A design intern's survival guide to Ad-land
Taking the leap..
The transition from studying to working in ad-land is a big leap. It’s a bit like leaving high school. You finish up your senior year as the big kid in school, experienced and above authority before starting university and realising just how little you really know – and just how much there is to learn ahead.
Personally, after finishing up my studies and beginning my design career I was my own boss in a sense. I was able to develop my own style and branding through freelance work for friends and family whilst ‘winging it’ through those first jobs, trying frantically to recall lessons learned in uni lectures.
Starting out as an intern designer at an ad agency is a bit like being thrown into the deep end with floaties on – sink or swim, you just have to give it all you’ve got and take advantage of the wealth of knowledge that surrounds you.
So, if you’ve considered starting a design internship – or aspire to work in an advertising agency, here are my tips that may help make your life easier;
Communication is key
You need to learn to communicate and work with other designers and agency departments (I’m looking at you, account service)
This is perhaps the most essential tip on my list, as communication truly is the key to get things done and produce the best work possible. It is not just for the betterment of your agency, but for yourself as a junior. It is the difference between career stagnation and real progression – as you will need to be able to communicate with your team in order to get the most out of yourself, enabling you to grow and improve. More importantly, your communications skills grow as does your role within an agency – and good communications skills can be the difference between winning a new client or losing a brief down the track.
Be open minded
Embrace the unknown
And be realistic. It’s only natural to be excited about starting your first ‘industry’ job, and you will most likely spend the night before your first day playing through scenarios of how the day might play out, but try to keep your wits about you. There is a good chance your experience of an advertising agency will be nothing as you’d expected – but that’s not a bad thing! You will have Friday afternoon drinks, agency and client lunches, and there may or may not be a dog walking around your open plan office, but you will also be pushed to your limits, working long hours, and constantly learning.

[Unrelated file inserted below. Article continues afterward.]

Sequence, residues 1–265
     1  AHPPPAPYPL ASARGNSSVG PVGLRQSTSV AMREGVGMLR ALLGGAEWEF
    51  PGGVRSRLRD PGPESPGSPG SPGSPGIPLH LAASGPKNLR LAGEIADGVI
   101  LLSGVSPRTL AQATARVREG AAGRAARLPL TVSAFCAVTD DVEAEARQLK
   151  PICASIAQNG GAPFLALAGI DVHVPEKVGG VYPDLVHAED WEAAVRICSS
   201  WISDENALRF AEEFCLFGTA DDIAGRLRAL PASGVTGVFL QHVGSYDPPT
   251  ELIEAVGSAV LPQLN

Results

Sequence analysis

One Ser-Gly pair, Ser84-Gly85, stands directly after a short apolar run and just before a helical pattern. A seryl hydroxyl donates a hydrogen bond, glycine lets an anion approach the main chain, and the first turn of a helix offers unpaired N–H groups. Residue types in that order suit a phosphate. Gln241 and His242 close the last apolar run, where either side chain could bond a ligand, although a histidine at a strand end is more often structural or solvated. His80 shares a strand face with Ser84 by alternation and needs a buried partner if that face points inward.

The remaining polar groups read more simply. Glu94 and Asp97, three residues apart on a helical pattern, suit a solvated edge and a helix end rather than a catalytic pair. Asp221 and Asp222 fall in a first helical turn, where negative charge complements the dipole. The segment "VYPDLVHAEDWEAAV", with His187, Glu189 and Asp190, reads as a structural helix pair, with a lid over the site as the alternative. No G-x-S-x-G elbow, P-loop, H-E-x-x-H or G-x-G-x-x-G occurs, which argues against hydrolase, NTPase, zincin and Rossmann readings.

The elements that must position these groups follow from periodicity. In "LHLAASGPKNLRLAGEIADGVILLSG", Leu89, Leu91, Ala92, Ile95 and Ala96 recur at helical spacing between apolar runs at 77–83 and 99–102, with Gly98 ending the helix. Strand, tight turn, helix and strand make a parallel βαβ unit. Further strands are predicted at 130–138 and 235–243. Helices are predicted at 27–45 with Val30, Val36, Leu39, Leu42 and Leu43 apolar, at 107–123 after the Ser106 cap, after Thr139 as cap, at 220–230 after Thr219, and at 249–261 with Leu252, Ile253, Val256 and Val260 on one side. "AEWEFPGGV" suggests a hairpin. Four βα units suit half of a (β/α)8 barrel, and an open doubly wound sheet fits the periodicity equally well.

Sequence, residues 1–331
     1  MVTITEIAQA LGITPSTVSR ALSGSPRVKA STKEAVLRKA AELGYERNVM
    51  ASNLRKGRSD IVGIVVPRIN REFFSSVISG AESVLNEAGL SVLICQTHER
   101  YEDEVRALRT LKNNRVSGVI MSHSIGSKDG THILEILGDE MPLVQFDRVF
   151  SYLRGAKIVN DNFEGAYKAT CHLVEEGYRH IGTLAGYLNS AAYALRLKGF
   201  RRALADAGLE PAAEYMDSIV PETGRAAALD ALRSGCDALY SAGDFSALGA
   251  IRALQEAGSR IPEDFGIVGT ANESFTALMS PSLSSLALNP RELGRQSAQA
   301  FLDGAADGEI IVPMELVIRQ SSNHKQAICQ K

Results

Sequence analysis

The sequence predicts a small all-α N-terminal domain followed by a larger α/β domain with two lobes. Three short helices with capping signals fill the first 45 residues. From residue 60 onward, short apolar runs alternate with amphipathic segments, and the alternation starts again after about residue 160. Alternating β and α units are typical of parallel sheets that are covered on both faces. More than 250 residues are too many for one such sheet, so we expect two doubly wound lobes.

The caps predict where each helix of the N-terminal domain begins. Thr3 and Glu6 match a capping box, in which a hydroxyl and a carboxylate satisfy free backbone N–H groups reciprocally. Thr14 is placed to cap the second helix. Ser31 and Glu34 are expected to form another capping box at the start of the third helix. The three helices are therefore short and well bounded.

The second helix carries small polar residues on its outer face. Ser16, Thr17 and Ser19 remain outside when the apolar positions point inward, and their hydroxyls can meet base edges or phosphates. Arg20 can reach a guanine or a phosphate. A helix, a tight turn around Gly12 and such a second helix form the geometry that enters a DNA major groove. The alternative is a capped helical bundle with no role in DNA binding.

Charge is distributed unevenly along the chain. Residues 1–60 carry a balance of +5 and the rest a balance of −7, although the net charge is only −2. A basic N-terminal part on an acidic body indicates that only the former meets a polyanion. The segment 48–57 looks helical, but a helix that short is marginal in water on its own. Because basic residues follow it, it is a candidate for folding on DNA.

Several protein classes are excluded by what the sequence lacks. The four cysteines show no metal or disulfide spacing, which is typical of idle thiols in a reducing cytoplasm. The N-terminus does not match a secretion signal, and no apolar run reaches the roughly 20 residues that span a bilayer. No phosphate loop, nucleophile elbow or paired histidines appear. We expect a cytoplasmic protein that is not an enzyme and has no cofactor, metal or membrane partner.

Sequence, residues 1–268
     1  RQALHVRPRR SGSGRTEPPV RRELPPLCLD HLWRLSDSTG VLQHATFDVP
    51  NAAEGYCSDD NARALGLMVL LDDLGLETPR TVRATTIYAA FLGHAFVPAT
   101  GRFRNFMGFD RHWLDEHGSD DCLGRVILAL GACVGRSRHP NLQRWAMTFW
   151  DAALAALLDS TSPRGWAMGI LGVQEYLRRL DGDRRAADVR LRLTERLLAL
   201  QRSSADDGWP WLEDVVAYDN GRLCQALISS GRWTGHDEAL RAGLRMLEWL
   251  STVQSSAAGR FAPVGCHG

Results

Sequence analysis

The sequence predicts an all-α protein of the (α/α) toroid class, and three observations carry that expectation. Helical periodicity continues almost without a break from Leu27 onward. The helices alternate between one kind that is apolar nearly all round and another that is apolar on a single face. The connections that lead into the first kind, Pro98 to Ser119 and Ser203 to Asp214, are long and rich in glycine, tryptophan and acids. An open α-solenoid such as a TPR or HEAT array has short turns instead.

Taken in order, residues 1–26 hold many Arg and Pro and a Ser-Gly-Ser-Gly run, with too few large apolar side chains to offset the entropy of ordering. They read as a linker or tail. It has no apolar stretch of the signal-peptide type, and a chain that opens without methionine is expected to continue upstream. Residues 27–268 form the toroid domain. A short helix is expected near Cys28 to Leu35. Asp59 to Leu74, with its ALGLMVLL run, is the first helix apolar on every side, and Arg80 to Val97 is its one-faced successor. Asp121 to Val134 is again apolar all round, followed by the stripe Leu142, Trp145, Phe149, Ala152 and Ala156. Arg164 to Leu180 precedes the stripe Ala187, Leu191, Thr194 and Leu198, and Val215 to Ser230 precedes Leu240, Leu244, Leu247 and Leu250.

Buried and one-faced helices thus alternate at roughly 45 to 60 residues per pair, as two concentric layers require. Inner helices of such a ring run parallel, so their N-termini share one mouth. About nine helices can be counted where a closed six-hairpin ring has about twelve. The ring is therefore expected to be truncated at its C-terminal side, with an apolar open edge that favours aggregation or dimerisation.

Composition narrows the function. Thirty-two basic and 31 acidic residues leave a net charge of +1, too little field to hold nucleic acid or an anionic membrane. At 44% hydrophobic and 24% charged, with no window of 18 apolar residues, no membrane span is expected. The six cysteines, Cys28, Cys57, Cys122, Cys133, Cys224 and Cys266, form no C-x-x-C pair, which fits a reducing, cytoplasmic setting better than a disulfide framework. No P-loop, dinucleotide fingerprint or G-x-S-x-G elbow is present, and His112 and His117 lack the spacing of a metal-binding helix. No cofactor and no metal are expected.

Tools of the trade
Strive to upskill yourself in as many different types of software (or hardware) you can get your hands on
A no brainer, really. It is and always has been a competitive industry. To be able to ‘make it’ you will need to know your stuff. Your skills will improve naturally (and quite fast) with every project or job you undertake, but in order to give yourself the best chance of survival, it helps to be proactive in up skilling yourself, constantly sharpening your tools. From here it’s all about finding the right opportunity. With a bit of luck you’ll start working on jobs that best suit your abilities initially, before cutting your teeth on bigger and more challenging projects as you develop. I was lucky enough to score an internship with Affinity, with a talented creative team around me whom inspire and challenge me every day.
Get with the times
Put yourself ahead of the curve
You need to bring a thirst for knowledge, and a drive to keep yourself up to date with what’s going on in the industry. Equipping yourself with an understanding of the latest trends and technologies will help not only your proficiency with design tools – but your conceptualisation and ideation abilities will also benefit greatly.
If your time management skills aren’t up to snuff – sort it out!
Take notes, keep a diary close by, and plan what you need to do ahead of time to save yourself (and the rest of the agency) the stress of rushing around to meet deadlines. Oh, that’s another thing. Unlike your uni essays, a faked doctors certificate won’t get you an extension on a client deadline, you must be able to manage yourself (and sometimes, other people) in order to hit deadlines for work without exception. And if you don’t think you can, go back to step 1; communication is key – let your team know and work out a solution.
“I’m an open book”
Try to avoid clichés in your interview
But seriously, be eager to learn everything and anything that comes your way. In this industry you need to be versatile, especially so with print fading out and digital design taking over. I know my goal as a designer is to be able to complete every brief given to me no matter what the task across all types of software and channels. It doesn’t hurt to gain additional skills such as writing, social media, marketing, app design, animation and 3D photography – the more you know the better the designer you will become.
Your potential new agency is looking for a great attitude and an openness to learn; they know that you don’t know everything, that’s why you’re applying to be an intern!
Like most things in life, you only get out of it what you put into it. But I’d whole heartedly recommend an internship to anyone. It’s a great chance to put theory into practice and hit the ground running for your first ‘real’ job.
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